Q:

How do hand controls for cars work?

A:

Quick Answer

Special vehicle manufacturers attach hand controls to the pedals and steering column to transfer braking and accelerating capabilities to areas that handicapped people can access. Tri-pin devices on both sides of the steering wheel enable drivers to accelerate and brake by pulling, pushing or twisting controls.

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Full Answer

Handicapped drivers can choose between mechanical and electronic controls depending on their preferences. Drivers also choose between fixed and portable controls. Push/rock hand controls are the most popular, according to Superior Van & Mobility. This system uses a vertical grip installed on the left or right side of the steering wheel. The driver pushes the handle towards himself to accelerate and away towards the dashboard to brake.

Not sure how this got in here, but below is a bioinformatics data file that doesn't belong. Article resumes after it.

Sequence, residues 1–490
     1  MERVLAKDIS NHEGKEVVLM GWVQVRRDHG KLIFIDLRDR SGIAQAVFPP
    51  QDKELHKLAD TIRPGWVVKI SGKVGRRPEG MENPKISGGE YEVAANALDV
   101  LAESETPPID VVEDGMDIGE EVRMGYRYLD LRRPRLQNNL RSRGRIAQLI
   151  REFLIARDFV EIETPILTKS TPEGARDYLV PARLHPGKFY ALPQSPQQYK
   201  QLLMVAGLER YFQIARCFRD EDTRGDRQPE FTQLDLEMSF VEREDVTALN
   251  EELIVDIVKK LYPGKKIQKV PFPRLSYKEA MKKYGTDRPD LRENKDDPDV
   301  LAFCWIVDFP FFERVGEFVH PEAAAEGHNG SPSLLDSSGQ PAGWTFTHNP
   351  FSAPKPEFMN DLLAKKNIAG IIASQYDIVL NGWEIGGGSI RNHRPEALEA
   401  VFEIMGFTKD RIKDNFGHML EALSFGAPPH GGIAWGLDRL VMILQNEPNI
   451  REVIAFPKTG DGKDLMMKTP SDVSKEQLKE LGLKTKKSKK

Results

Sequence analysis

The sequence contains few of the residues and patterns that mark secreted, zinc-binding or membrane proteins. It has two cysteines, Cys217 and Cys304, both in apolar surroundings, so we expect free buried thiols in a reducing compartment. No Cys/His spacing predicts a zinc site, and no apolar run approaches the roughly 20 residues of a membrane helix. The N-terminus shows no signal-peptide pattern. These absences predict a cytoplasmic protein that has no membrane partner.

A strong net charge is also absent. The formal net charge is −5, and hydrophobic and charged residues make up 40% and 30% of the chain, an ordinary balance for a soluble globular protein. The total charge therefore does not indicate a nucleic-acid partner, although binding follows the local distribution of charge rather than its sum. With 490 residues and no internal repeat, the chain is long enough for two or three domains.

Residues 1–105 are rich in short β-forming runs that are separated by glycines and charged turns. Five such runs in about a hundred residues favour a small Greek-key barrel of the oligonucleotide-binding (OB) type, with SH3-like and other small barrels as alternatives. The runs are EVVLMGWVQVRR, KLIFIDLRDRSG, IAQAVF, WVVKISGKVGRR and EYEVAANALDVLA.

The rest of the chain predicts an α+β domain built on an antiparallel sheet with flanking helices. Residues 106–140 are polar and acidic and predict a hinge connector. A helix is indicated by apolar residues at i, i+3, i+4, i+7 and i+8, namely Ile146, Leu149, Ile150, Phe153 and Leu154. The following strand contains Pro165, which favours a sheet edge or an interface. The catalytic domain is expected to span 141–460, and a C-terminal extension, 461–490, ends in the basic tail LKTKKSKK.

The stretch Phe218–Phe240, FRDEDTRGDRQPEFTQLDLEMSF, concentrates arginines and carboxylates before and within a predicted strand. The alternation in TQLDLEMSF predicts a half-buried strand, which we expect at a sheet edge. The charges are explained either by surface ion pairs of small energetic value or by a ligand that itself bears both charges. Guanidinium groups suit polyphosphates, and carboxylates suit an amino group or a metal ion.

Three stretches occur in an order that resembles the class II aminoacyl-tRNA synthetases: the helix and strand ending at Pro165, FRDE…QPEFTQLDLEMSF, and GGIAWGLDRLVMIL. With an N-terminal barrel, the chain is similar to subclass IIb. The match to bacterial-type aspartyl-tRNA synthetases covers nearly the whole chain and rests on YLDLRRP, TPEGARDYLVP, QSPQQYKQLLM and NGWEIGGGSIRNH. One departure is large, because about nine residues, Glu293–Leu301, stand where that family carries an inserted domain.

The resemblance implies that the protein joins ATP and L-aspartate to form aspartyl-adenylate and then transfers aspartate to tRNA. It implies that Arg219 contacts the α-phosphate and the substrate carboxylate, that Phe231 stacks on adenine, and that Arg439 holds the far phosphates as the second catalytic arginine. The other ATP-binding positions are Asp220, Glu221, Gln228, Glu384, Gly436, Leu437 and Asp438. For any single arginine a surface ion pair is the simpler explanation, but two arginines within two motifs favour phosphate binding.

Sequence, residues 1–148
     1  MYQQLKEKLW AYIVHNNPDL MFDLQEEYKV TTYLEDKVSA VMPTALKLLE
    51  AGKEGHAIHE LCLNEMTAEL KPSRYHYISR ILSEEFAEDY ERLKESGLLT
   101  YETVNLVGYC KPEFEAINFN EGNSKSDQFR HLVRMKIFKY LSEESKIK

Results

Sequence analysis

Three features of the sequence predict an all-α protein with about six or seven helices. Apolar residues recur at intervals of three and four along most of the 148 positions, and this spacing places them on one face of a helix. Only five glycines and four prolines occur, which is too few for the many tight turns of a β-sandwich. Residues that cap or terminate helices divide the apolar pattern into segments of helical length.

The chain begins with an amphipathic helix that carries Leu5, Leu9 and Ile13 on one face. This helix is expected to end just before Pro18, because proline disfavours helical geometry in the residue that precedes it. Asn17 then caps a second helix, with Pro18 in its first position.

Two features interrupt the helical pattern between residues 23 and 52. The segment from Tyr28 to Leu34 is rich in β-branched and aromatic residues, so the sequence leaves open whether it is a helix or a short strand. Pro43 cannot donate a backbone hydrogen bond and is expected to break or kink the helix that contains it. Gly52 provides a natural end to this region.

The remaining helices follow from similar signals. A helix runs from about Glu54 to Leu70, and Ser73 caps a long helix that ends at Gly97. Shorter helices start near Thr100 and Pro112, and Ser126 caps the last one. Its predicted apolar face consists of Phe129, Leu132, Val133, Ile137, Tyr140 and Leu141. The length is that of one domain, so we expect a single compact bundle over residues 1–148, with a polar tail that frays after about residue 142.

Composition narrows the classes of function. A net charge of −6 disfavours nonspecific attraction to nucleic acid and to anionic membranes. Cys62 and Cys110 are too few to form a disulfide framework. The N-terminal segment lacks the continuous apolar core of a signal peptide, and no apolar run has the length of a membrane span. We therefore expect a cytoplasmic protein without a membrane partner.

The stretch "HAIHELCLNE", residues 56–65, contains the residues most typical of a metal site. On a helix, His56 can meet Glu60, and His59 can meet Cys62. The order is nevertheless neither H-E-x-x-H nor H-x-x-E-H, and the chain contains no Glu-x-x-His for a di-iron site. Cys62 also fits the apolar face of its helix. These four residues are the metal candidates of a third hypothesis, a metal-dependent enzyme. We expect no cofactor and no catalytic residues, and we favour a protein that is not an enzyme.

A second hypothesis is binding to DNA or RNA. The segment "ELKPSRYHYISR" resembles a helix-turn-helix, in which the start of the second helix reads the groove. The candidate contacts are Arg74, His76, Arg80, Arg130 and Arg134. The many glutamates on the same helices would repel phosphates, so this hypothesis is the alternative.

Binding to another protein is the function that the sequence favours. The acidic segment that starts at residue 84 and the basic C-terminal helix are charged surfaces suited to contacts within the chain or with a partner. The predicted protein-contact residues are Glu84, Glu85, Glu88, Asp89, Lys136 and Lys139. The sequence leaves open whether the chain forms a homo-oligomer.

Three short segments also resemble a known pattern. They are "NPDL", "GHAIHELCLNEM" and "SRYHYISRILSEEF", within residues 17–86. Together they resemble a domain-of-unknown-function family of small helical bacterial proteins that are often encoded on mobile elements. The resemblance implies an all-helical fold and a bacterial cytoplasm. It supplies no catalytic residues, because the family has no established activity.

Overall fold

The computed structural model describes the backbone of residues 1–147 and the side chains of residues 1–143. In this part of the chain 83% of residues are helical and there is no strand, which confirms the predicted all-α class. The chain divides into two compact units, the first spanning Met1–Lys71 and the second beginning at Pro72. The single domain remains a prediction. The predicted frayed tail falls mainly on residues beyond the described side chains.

Some drivers choose the push/twist hand control that resembles the controls on a motorcycle. The system uses a mechanical grip installed horizontally on the side of the steering wheel. To accelerate, the driver twists the grip like a motorcycle's throttle. To brake, the operator pushes the grip towards the dashboard.

Apart from the modifications on the braking and accelerating functions, hand-control cars are similar to other cars. Car dealers modify these cars according to the disability and preferences of the driver. Drivers of regular cars can also use hand-control cars.

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